I have a feeling heaven will be that 'aha' moment—when I can see the panorama from the summit and realize how simple it all really was...

Thursday, September 15, 2011

An Unread Eulogy

As I write this I realize this will never be read at my father's funeral.  My father was called by some a private person-but more so he was a deeply humble man.  So what he has gone through will never be shared beyond these pages of scribbled tribute.

I watched one of those inspirational movies last lent.  I think the title was ‘A Father’s Love’.  The film clip was about a father who ran marathons pushing his disabled son’s wheelchair.  I came away realizing that my Dad had run many marathons for me in my life-the marathon of the working man providing for his family.  The years of day in, day out, 9-5 despite how he felt or what he would have liked to do.  Over 50 years of M-F, 9-5 to provide for his family.

We all carry crosses in life but my Dad’s road to Calvary began the day my mother died.  He did not embrace the loneliness of surviving someone you have lived as one with for over 64 years, but he did accept it, looking for God’s plan in his life.  He became the hub for our family throughout the next 5 years, always keeping us updated about each family’s joys and sorrows.  He missed mom - words cannot describe the loss - always expecting she was just in the next room.

His time in the Garden of Gethsemane lasted about 4 years.  The waiting and knowing that God would be calling him soon (but when?).  The anticipation of what his last journey would be like was difficult.  I believe he prayed - God’s will be done.

Most people outside our family will not know what my Dad has been through over the last year.  He gave up his driving so as not to put others at risk and as a result did not get out as much.  He often refused offers to be driven places by friends in the community as he didn’t want to add to their “load”.  He pushed himself each day - most of the time feeling he was not doing enough.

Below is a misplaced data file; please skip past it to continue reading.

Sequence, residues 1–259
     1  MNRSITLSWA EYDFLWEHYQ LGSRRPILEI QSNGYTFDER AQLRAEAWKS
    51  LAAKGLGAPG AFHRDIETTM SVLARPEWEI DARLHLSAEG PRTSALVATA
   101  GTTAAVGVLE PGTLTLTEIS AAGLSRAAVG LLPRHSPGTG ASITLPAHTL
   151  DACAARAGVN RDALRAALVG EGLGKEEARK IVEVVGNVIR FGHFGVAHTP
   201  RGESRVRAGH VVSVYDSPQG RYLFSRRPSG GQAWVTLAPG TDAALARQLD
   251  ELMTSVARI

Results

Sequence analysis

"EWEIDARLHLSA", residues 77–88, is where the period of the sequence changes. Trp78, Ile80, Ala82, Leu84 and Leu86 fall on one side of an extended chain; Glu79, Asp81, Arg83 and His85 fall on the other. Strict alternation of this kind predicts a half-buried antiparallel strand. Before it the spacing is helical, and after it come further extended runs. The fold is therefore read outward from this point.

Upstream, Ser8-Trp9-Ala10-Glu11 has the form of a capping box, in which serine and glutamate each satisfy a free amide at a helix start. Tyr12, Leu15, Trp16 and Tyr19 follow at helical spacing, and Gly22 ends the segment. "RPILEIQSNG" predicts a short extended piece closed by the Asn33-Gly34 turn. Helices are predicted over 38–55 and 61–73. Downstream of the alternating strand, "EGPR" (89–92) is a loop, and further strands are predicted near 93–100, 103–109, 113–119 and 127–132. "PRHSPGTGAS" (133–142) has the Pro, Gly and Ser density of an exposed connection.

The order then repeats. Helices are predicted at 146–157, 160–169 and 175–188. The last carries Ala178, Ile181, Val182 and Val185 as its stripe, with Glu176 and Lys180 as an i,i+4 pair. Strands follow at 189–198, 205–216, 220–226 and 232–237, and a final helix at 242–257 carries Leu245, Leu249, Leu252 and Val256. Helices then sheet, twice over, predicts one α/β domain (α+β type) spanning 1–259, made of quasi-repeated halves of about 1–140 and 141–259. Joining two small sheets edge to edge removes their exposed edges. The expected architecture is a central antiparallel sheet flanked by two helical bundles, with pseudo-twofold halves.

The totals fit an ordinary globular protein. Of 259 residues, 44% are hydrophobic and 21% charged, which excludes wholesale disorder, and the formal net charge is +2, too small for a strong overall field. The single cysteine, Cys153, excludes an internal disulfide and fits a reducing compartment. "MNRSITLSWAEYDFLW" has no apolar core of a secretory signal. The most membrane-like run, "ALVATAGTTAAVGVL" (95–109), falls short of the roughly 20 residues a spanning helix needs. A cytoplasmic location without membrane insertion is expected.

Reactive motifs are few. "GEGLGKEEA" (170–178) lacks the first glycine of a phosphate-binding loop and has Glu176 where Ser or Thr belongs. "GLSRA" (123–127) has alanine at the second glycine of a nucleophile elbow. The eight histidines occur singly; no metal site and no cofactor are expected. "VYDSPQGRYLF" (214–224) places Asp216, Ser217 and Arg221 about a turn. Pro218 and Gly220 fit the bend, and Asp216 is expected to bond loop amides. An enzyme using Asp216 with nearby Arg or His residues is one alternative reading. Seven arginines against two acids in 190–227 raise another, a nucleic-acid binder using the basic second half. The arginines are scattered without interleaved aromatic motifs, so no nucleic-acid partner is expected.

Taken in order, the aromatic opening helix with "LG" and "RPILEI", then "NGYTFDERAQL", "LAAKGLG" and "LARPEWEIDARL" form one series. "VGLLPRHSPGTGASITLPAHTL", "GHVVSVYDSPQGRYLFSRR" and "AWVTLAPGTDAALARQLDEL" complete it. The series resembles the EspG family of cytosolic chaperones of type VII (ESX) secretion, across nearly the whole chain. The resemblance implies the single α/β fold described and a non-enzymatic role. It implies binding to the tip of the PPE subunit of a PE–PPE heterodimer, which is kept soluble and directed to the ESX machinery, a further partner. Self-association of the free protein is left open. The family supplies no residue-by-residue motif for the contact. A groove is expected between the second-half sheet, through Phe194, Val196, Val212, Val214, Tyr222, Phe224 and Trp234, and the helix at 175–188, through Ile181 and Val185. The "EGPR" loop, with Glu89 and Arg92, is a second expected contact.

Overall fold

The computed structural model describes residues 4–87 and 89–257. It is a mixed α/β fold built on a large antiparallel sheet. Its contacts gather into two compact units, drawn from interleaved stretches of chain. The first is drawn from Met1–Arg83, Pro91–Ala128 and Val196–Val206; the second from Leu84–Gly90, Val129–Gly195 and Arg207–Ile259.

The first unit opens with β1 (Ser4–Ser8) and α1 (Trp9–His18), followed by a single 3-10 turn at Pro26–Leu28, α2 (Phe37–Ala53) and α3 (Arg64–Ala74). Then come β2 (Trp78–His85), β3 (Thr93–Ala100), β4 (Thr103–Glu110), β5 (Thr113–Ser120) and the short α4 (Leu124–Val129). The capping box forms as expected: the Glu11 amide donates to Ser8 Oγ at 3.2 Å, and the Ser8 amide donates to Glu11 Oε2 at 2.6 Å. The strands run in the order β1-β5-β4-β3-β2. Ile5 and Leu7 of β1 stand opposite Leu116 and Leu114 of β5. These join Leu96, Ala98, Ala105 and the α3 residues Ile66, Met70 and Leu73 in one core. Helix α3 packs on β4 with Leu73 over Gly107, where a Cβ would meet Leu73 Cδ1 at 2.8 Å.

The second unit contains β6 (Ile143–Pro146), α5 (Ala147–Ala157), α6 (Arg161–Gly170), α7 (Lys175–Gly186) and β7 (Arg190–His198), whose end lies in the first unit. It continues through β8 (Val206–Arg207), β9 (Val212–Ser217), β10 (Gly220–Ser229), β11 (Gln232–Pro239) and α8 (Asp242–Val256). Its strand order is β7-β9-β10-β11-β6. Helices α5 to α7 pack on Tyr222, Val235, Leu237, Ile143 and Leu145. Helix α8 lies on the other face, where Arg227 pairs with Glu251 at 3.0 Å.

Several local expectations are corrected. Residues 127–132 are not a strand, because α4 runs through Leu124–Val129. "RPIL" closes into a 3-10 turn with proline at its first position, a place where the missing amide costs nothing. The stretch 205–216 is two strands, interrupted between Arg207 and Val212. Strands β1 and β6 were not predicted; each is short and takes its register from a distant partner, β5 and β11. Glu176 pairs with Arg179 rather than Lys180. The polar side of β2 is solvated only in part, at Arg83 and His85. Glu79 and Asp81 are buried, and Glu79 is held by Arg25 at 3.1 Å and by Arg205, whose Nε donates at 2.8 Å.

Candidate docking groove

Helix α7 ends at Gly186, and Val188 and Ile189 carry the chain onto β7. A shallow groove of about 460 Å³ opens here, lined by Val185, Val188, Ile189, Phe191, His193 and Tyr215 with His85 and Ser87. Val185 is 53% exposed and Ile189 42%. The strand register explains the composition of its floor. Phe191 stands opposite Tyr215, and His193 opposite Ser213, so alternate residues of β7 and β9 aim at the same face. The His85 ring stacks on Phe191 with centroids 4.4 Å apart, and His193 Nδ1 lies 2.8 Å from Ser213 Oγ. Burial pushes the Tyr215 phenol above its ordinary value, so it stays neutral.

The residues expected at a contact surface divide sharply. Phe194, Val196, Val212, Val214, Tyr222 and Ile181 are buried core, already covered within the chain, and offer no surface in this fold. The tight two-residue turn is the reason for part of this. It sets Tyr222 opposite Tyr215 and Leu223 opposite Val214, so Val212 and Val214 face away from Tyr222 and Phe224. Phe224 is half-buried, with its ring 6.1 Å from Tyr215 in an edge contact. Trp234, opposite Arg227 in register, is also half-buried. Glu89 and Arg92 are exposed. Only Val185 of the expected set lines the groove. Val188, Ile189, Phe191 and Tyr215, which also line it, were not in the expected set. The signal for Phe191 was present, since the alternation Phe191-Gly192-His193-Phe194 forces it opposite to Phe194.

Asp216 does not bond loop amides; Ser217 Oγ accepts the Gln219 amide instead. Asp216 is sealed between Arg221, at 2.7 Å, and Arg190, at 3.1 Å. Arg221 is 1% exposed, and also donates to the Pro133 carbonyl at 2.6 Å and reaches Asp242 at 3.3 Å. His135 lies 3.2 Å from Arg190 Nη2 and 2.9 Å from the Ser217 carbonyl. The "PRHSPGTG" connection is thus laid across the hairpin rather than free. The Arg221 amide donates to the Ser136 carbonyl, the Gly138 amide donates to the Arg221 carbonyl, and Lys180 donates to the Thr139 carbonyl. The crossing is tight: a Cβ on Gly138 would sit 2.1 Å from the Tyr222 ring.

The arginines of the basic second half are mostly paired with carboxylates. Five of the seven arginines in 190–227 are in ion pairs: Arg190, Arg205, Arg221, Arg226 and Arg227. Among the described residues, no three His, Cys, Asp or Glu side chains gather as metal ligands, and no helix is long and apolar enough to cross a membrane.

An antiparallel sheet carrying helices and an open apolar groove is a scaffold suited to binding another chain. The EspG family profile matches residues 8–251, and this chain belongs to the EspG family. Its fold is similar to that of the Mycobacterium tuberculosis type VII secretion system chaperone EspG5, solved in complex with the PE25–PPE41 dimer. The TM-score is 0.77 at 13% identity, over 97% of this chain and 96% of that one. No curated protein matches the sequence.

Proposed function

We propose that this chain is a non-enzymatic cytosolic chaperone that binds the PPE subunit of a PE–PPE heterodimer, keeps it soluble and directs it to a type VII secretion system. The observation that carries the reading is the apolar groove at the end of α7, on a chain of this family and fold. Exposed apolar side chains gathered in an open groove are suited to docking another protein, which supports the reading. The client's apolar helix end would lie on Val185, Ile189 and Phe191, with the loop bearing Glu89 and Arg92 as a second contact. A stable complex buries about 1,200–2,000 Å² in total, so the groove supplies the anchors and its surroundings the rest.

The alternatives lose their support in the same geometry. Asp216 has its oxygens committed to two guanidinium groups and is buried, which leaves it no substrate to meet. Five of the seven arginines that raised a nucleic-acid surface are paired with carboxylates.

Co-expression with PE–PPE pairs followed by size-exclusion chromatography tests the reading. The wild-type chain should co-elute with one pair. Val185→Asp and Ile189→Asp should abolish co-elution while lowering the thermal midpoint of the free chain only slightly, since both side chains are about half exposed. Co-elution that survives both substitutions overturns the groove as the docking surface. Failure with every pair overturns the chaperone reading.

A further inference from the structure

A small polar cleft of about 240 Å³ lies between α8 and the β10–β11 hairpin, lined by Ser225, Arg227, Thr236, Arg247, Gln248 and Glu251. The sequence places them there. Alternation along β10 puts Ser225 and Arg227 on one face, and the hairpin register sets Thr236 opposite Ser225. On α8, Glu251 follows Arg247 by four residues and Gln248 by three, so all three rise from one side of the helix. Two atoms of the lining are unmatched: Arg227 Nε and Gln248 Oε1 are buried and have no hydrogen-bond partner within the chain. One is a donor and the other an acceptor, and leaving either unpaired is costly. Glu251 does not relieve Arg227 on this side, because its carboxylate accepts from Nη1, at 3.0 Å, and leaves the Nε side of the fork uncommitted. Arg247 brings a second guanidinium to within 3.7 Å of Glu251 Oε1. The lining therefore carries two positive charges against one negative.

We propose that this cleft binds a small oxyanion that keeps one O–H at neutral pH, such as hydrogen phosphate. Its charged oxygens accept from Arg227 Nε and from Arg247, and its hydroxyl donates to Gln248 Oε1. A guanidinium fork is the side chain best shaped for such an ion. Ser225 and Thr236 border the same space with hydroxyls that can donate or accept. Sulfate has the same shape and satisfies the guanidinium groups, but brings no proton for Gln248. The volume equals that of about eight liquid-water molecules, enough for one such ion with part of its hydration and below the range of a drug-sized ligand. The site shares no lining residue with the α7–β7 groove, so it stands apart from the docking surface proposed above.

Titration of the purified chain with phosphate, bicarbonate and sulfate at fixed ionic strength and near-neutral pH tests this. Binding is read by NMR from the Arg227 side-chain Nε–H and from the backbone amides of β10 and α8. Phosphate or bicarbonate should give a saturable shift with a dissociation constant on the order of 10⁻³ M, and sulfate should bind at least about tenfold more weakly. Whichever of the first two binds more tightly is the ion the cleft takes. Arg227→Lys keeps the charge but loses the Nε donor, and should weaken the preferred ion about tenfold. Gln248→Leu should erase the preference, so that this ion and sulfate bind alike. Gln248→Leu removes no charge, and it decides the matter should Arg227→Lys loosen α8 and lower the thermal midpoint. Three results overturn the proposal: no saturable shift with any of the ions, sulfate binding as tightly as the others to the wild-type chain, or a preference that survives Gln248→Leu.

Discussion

Dad often complained - “I have no strength” but he really was a “super” man as he faced each day, pushing himself to live – after all, that was what God wanted him to do.
Dad grumbled, moaned, and questioned the “sense of it all” – that was his inspiration to me – his endurance.  He followed his conscience – his sense of right and wrong.  He knew he was doing what God was asking of him especially over the last 4 weeks of his life.

Dad had a small heart attack 4 weeks ago.  It pushed his body’s heart and kidneys beyond their limits. He endured.  He kept putting one foot in front of the other to the next step.  He had his girls to care for.  He was reluctant to let them help carry his cross – how could he burden them.

His cross-got heavier – itching, breathlessness, chest pressure, swelling, sleepless/restless nights, that slow forced letting go of control (not able to make dinner – he would still direct proceedings from his chair).  His frustration flared when he was not kept informed of “the plan” or when we would try to ease his burden by doing something (like buying groceries without telling him). He was always fully aware of what was happening around him as he lost his life by inches.  After speaking to his doctor and being told he was dying, his first response to us was- “You need to get Fr Vern’s pix back to him.”

It was so hard watching Dad suffer – he would die as he lived – enduring the struggle – doing what he knew to be right.  He taught me an important lesson – following his conscience despite where it led.  He was a brave man.  I like to think my mom was with him through it all – through her daughter’s hands and love.

I think Dad was at peace in the last hours of his life.  He came home from hospital in an ambulance – dignity intact.  He was alert and walked into his home to his reclining chair.
His last words before falling into his last sleep were “I don’t know what to do.”  I desperately wanted to say something – something wise and comforting.  All I could think of was “Just rest Dad – just rest.” .  He leaned back in his reclining chair and 12 hours later went to his rest with the Lord.

I am sure my mom was there to greet him.  I think she was waiting for him these past 5 years.

My Dad taught me so many things in my life –
·      to discern,
·      to endure,
·      to listen to my conscience,
·      to be true to God wherever He leads,
·      that suffering is not easy but a part of life and
·      that at the end God is waiting.
Thank you Dad.  I hope I listened well.